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Property law is the area of law that governs who owns lands and personal items and how they can use them. In the context of real estate, it focuses exclusively on land, referred to in legal jargon as “real property.” Read on to find out about the different types of property law that focus on real property.
There are many ways to own land. Some landowners have sole ownership over a piece of property, while others have a joint tenancy. The legal documents that state ownership of real property are called deeds and the type of deed held by a landowner helps to define his or her legal interest.
Warranty deeds guarantee complete legal ownership of the property to an individual or group. Quitclaim deeds only define the right that an individual or group has to the property and its use. Those interested in purchasing real estate should contact Jason Katims to have their deeds reviewed and translated into easier to understand terms so they can understand what, exactly, they will be getting for their money.
Zoning laws are put into place by local governments to restrict the use of real property. They may include zoning a particular piece of land for residential, commercial, or industrial uses or they may be more specific. Landowners need to understand the zoning laws, including any stipulations regarding required setbacks from the road and other particulars if they want to avoid legal troubles. Zoning laws are usually enforced by government attorneys, but they can be challenged by landowners with private attorneys.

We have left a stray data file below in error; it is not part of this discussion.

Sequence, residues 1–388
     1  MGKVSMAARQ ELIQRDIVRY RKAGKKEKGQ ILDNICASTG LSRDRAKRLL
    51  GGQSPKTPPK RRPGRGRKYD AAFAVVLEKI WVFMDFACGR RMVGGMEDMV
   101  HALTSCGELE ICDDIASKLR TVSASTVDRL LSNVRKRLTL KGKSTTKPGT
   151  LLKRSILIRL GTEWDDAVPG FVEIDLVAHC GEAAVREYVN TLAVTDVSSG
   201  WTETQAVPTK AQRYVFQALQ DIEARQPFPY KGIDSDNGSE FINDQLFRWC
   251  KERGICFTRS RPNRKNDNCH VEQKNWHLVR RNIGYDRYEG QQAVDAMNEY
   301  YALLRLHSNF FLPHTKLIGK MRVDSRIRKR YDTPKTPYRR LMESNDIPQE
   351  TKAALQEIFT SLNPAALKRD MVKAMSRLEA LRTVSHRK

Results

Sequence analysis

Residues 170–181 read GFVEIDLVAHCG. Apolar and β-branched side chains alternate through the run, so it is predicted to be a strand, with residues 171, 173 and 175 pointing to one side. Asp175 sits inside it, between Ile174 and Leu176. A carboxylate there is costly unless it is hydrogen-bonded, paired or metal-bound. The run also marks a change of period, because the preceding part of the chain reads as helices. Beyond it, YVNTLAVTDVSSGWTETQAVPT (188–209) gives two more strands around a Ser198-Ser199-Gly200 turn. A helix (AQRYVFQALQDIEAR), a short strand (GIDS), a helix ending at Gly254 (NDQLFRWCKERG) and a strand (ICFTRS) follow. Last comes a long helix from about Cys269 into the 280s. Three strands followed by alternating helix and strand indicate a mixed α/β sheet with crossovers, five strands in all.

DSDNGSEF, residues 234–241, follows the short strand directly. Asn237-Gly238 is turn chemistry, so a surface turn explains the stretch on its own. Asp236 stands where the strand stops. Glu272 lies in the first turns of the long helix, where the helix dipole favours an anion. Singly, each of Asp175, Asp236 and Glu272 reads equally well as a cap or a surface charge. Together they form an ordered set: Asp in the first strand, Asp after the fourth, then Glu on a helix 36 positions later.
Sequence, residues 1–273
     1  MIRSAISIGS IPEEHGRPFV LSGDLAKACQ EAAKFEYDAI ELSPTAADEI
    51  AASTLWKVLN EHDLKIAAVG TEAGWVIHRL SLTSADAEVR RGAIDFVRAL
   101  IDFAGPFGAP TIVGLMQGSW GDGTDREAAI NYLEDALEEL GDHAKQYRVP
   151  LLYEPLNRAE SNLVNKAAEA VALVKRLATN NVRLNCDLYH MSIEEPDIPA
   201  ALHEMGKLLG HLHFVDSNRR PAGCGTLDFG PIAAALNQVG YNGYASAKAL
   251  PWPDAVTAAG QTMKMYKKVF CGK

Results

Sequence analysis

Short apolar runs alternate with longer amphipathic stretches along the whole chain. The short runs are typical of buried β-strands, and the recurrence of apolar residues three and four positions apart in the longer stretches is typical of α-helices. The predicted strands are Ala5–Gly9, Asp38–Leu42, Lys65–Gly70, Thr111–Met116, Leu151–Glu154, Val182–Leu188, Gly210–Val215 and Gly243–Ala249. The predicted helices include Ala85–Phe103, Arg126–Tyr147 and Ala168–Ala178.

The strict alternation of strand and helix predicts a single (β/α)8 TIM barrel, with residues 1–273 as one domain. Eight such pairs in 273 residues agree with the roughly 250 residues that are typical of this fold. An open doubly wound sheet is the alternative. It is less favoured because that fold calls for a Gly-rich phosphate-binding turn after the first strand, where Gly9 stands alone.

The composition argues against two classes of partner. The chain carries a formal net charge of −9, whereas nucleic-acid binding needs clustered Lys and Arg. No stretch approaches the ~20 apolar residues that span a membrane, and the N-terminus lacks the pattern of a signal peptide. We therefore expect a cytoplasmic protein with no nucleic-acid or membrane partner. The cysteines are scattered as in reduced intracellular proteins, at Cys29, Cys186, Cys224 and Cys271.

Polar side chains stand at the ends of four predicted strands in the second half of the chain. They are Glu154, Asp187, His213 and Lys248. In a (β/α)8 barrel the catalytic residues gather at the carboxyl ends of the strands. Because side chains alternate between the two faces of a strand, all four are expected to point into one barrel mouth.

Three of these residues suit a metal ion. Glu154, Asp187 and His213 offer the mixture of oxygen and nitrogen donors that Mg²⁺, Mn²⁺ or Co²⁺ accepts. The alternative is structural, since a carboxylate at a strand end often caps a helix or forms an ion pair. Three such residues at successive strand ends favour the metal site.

Eminent Domain Law
The phrase eminent domain refers to the government’s right to take real property from private landowners if it is determined to be in the best interests of the public. The landowner must be fairly compensated, and those who do not want to give up their land are entitled to challenge the order. Attorneys who practice property law can either enforce eminent domain or challenge the orders on behalf of private clients.
Private Land-Use Laws
Private land-use laws are essentially the private equivalent of zoning laws. They’re usually created and enforced by homeowner associations. These property restrictions are enforced by private attorneys, but each state has different laws governing how homeowner associations can establish and enforce laws.
Rights to Use
Some pieces of real property have natural resources or unique ecosystems that are afforded protection under state or national laws. This area of property law concerns how property owners can use the resources or alter the ecosystems on their properties. The right to use a piece of land can also come up or be contested when easements or rights of access come into play. Rights to use and land protections can all be contested or enforced by a property lawyer.
Estate law covers the transfer of both real and personal property. Lawyers who practice in this area can help clients draw up wills or establish trusts, help their beneficiaries handle probate, and resolve any disputes that may occur surrounding the transfer of real property to family members or other beneficiaries.
The Bottom Line
Property law covers far more than just deeds and real estate transfers. If landowners or potential buyers looking for a piece of property find themselves overwhelmed or confused, they shouldn’t hesitate to hire a property attorney to answer questions or resolve disputes.